Nebuchadnezzar demanded that his advisors not only interpret his dream, but tell him what the dream was about. While this was impossible for humans, the God Daniel worshipped is able to reveal mysteries, and He empowered His servant to fulfill the king’s request. In this message, Alistair Begg explains that the main point of the dream is that all of human history is under God’s control. A believer’s ultimate security is in the promise Daniel conveyed and Jesus fulfilled: an everlasting Kingdom that supplants all earthly realms and overcomes death.
The story of Shadrach, Meshach, and Abednego is familiar, but behind it lies the age-old conflict between men in rebellion against God and those who submit to His rule. Alistair Begg explains that the three men responded in faith because they were convinced that God had spoken, that He meant what He said, and that they could commit themselves to His care. God is able to deliver His people, and we must not compromise even if the cost is our lives.
Although they were captives in Babylon, Daniel and his friends submitted to their captors through changes in location, education, and even their names. When required to surrender the dietary practices that marked them as God’s own people, however, they resisted. As Alistair Begg leads us through this passage, we see that it provides not so much a strategy to cope with trying times, but comfort and encouragement to be faithful. The focus of the story is not Daniel, but the God that he worshipped.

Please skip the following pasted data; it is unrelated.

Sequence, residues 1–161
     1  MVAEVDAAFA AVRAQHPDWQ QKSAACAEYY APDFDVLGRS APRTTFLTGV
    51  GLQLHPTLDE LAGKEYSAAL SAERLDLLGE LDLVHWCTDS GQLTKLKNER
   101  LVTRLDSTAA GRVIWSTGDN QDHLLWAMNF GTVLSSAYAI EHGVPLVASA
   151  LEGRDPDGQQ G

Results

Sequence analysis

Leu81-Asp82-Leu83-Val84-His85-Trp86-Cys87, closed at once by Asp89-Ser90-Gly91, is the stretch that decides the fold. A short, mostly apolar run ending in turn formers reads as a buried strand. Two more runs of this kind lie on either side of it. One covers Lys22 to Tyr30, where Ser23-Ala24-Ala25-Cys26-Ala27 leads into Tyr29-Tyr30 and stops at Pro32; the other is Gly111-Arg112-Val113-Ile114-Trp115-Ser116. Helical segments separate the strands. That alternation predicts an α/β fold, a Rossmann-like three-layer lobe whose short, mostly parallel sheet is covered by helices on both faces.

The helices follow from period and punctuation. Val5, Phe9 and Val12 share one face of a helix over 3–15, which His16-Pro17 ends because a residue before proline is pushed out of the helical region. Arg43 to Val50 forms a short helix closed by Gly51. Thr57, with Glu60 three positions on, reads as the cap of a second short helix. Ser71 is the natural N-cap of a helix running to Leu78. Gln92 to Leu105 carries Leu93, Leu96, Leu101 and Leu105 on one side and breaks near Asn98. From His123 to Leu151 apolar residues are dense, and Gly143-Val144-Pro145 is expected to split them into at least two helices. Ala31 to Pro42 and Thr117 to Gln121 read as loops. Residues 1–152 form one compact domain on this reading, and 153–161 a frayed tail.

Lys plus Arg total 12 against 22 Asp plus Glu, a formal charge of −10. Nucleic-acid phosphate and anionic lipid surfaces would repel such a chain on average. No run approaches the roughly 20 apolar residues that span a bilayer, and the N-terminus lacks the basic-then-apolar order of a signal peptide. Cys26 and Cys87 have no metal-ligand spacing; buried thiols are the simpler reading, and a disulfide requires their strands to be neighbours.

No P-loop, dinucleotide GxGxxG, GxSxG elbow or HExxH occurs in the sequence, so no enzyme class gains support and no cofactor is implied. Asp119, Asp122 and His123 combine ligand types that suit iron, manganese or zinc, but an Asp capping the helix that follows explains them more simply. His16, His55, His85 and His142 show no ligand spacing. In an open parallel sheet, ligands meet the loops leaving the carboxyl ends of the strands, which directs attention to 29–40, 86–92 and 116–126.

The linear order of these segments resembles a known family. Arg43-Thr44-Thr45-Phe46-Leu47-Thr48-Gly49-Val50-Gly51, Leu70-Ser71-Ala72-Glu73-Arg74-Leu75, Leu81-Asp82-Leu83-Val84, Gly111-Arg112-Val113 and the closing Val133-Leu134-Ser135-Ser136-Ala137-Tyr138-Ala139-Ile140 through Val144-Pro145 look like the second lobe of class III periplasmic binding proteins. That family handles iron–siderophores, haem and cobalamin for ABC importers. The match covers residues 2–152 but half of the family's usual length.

The Apostle Paul concluded his final letter with messages to and about his colleagues and friends. Within these personal remarks, Alistair Begg identifies three principles we can apply today: the ordinary experiences of our lives are vehicles for God’s Providence; believers need gospel partnerships to grow in their faith and to function as a local congregation; and when in God’s time we are separated from our brethren, we do so graciously and with grace.